The U.S. Department of Justice (DOJ) makes him sound like a natural-born leader—the kind that can really motivate a team.
But in this case, the reward for his hard work is not a bigger bonus. Instead, he'll spend more than a decade in jail.
That's because Ghaleb Alaumary motivated teams of criminals to commit cybercrime and financial crime, and to collectively steal tens of millions of dollars.
Victims include organizations in the United States, Canada, and the U.K.
Cybercrime ringleader confesses to conspiracies
First, the 36-year-old directed the sending of spoofed emails used in successful Business Email Compromise (BEC) attacks.
Then he led a wealthy bank customer scheme that involved the use of stolen Personally Identifiable Information (PII) and in-person bank visits.
And Alaumary also confessed to recruiting individuals to withdraw stolen cash from ATMs. Then there was the money laundering, the cryptocurrency, the digital wallets, and more.
Those are some of the highlights; now let's look at a few specifics.
Business Email Compromise scheme and social engineering
Prosecutors say Ghaleb Alaumary, a native of Ontario, Canada, confessed to two specific conspiracies. One of them involved social engineering in a couple of different flavors, including a BEC attack:
"In the first case, which was filed and investigated in the Southern District of Georgia, Alaumary conspired with others who sent fraudulent 'spoofed' emails to a university in Canada in 2017 to make it appear the emails were from a construction company requesting payment for a major building project.
The university, believing it was paying the construction company, wired $11.8 million CAD (approximately $9.4 million USD) to a bank account controlled by Alaumary and his co-conspirators. Alaumary then arranged with individuals in the United States and elsewhere to launder the stolen funds through various financial institutions."
This type of thing is common practice in the world of Business Email Compromise.
Stephen Dougherty of the United States Secret Service investigates this type of crime and recently talked about it during a keynote at a national SecureWorld conference.
"They get information that I call contemporaneous and privileged, meaning only you know what it is, and only the person you think you're working with would have that information.
So you believe you're having a trusted conversation. The bad actor then takes that contemporaneous and privileged information and weaponizes it.
They get you to send a wire transfer or an invoice, or a real estate transaction, payroll, you name it, they pretty much target every industry. And once they have that, they send those instructions and they look legitimate to you. You wire your funds out and boom, they're gone."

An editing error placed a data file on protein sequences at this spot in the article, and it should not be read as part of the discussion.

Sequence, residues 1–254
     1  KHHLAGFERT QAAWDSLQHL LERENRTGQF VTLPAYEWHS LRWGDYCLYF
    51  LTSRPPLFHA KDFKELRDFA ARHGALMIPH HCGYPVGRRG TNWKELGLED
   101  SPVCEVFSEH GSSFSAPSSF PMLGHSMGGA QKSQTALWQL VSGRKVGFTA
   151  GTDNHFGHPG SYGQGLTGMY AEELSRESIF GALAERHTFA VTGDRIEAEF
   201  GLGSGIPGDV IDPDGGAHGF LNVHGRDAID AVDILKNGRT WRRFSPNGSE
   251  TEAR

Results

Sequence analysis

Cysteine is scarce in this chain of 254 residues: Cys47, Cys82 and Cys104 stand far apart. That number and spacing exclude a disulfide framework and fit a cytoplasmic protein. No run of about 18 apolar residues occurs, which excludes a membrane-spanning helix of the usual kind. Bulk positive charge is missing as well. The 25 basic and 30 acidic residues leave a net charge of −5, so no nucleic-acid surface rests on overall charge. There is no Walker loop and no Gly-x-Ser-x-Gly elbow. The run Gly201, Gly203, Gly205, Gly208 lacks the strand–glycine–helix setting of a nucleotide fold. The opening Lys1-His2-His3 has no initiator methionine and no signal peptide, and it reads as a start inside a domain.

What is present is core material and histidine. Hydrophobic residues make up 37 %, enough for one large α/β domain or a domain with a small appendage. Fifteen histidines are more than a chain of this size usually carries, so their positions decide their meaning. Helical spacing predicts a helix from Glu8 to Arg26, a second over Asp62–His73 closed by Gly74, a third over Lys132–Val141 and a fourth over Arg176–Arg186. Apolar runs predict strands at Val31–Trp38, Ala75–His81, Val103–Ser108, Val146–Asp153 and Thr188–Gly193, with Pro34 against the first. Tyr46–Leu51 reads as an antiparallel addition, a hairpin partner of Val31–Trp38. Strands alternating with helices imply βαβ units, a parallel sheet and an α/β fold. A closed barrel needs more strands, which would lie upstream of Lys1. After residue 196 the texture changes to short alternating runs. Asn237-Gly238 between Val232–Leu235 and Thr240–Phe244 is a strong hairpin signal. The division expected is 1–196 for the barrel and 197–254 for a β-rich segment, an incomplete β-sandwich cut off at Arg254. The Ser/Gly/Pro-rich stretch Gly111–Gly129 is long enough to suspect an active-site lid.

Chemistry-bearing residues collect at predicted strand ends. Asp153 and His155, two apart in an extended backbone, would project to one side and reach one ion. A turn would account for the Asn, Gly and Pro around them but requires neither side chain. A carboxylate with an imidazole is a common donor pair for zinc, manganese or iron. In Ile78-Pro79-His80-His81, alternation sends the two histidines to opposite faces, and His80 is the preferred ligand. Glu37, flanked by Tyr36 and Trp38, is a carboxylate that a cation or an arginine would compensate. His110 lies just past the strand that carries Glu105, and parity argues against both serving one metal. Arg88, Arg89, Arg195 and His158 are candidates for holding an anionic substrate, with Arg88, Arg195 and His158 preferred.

If your accounting team received an email from a trusted vendor, with the correct due date and amount of the next payment, would they trust the new wire transfer instructions requested in that same email? Too many do.
But in this case, BEC was not the only attack vector.
Social engineering—in person—was the next part of the scheme. According to the Department of Justice:
"Weeks later, Alaumary arranged for a co-conspirator in the United States to make several trips to Texas to impersonate wealthy bank customers in a scheme to steal hundreds of thousands of dollars from victims' accounts using the victims' stolen personally identifiable information."
Alaumary also confessed to a second conspiracy. Here is what was involved:
"Alaumary recruited and organized individuals to withdraw stolen cash from ATMs; he provided bank accounts that received funds from bank cyber-heists and fraud schemes; and, once the ill-gotten funds were in accounts he controlled, Alaumary further laundered the funds through wire transfers, cash withdrawals, and by exchanging the funds for cryptocurrency.
The funds included those from a 2019 North Korean-perpetrated cyber-heist of a Maltese bank. Other victims of Alaumary's crimes included banks headquartered in India, Pakistan and Malta, as well as companies in the United States and U.K., individuals in the United States, and a professional soccer club in the U.K."
Beyond these schemes, prosecutors say he and his team illegally moved and cleaned massive amounts of cash and crypto:
"The defendant in today's case laundered millions of dollars in losses from companies, universities and banks," said Assistant Director Calvin A. Shivers of the FBI's Criminal Investigative Division. "Today's sentence demonstrates that cybercriminals who launder illegitimate profits can't evade detection from the FBI and our law enforcement partners."
"This case is an example of our relentless determination to hold criminals accountable no matter how sophisticated their crimes may seem," said Acting Special Agent in Charge Phil Wislar of the FBI's Atlanta Field Office. "The arrest and sentencing of cyber criminals like Alaumary, who feel safe hiding behind a computer screen, are only possible through persistent investigative efforts of the FBI and our close collaboration with our U.S. and international partners."
The end result of these crimes?
For Ghaleb Alaumary, it means the court is ordering him to repay $30 million in restitution to victims and spend the next 11 years in jail.
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